- Fishman Presys+ EQ is excellent
- Rich, full bodied sound
- It’ll be simply too big for some players
- No strap pin at the top of the body. A strange omission
The Bottom Line
If you can wrestle with the size of this acoustic bass and the somewhat unusual aesthetics, you’ll appreciate its sonic qualities, versatility and presence. Fishman electronics are a real plus point with this bass: it’s a full, rich sound that’ll certainly benefit from a bit of experimentation with the EQ and amp settings.
The Dean EAB acoustic bass is the loose cannon in this list.
It’s the cheapest guitar by some margin and for that reason alone it deserves to be here. For those just starting out or the budget conscious, this really has a lot going for it; and perhaps leaving an acoustic bass in the corner of the room to strum when the feeling takes you is just what you need? Cost and convenience: the Dean EAB ticks both those boxes.
With its 34” scale length, this is a substantial instrument. A spruce top, laminated mahogany body and mahogany neck means the natural finish EAB is no slouch in terms of construction. A piezo pickup provides the output and a DMT preamp offers pretty basic volume and tone controls and a tuner.
But in terms of quality control, this is where things go a bit pear-shaped because it’s decidedly hit and miss. It sounds OK unplugged and amplified – but only OK. Corners have obviously been cut on the electronics and the build quality is erratic.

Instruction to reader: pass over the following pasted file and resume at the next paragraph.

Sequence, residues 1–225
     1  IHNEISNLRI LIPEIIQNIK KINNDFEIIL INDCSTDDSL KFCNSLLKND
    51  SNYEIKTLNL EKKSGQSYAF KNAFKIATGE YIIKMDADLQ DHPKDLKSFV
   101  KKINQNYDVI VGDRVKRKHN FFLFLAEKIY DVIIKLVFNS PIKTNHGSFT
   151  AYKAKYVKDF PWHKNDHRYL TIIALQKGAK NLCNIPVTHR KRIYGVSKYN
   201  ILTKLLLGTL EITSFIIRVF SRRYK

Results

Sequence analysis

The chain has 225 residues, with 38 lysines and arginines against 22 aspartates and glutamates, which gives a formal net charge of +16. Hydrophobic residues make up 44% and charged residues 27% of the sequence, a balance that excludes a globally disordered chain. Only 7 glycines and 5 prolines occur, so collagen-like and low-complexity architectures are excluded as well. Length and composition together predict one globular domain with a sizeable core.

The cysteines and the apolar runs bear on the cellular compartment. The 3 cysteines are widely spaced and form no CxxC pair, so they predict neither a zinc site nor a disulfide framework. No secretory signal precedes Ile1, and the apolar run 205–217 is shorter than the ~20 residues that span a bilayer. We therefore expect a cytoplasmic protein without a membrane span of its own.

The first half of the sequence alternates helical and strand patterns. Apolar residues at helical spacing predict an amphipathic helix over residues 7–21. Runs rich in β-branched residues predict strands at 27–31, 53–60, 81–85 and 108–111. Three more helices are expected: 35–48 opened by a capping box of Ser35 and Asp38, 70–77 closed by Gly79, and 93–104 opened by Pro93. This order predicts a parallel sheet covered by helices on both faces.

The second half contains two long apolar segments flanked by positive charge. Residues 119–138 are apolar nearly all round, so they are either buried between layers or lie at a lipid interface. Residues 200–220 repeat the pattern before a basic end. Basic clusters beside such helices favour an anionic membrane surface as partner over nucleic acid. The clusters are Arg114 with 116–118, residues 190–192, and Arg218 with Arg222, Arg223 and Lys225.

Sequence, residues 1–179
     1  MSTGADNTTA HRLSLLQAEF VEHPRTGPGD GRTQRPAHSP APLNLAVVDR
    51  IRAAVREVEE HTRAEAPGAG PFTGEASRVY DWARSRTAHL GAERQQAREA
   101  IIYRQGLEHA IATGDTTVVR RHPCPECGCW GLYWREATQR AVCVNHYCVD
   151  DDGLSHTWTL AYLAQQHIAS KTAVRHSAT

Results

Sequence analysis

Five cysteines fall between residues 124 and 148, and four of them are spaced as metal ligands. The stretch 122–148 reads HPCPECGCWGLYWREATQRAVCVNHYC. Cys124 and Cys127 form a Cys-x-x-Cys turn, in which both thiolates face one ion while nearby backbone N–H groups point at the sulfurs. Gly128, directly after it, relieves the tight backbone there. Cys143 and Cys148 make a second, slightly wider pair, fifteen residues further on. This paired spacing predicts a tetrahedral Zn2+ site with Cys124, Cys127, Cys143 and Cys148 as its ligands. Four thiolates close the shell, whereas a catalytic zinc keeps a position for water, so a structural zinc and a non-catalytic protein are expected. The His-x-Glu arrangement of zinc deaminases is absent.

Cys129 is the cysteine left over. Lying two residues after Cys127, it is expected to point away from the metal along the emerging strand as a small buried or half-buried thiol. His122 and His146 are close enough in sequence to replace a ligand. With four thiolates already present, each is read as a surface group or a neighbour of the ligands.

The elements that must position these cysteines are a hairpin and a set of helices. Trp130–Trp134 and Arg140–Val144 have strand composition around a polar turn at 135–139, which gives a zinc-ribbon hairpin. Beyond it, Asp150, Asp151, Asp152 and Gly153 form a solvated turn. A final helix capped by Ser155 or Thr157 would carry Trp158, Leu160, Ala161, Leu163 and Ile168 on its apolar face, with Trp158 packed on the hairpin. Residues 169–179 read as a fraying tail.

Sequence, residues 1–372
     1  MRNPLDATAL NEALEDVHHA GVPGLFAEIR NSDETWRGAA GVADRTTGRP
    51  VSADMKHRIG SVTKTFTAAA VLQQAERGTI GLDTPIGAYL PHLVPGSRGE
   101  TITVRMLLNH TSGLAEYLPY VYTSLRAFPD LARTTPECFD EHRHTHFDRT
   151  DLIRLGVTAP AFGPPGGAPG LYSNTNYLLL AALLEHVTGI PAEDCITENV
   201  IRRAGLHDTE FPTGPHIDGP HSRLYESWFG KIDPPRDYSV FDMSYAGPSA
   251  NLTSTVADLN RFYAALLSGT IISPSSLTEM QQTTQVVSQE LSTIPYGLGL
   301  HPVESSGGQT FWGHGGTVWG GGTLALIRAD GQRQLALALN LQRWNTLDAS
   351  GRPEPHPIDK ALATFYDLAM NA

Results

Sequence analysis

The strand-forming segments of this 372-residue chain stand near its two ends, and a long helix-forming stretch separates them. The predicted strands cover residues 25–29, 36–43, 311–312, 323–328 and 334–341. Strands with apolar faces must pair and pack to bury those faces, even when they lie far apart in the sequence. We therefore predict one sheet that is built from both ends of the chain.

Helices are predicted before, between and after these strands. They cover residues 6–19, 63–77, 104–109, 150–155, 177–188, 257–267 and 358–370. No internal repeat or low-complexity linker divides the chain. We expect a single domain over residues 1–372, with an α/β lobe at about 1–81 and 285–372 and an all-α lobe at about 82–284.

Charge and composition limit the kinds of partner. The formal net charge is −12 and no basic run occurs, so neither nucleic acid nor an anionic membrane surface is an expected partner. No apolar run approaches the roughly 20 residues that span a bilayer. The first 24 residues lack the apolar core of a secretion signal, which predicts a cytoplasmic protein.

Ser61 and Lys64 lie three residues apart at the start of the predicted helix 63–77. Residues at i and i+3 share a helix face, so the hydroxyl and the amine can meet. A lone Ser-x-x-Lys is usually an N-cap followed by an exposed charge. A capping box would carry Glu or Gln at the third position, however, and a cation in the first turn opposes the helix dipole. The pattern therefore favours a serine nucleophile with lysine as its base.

Some are blighted by fret buzz; others seem OK. And the overall finish quality definitely fluctuates. We’ve even heard of some cases where the neck is coming away from the body!
- The price
- There’s no doubt it’s popular but you definitely get what you pay for
- No hard case or gig bag provided but here’s something that will do the job
- Erratic quality control. If you want an acoustic bass to play well out of the box – this probably isn’t it!
- Preamp is certainly not the best and is quite noisy when it’s cranked up
- Missing a strap peg
The Bottom Line
The Dean EAB is a bit of an enigma. It’s big and the quality is patchy, but if you accept the fact that most likely you’ll need to make some adjustments, then you probably won’t be disappointed. It does occupy a price point that could make this attractive. It certainly has its fans!
One user described the Dean EAB acoustic bass guitar as ‘a cautiously fair choice for the budget minded’ and that just about sums it up.
This review was a close call. In terms of construction, sound and electronics, with the exception of the Dean EAB, all the contenders have something to offer and to be honest you won’t go far wrong with any of them.
But we had to pick a winner and that accolade goes to the Ibanez AEB10E. It represents great value and being an Ibanez you can be assured of its quality and pedigree. It simply represents the best features at the right price.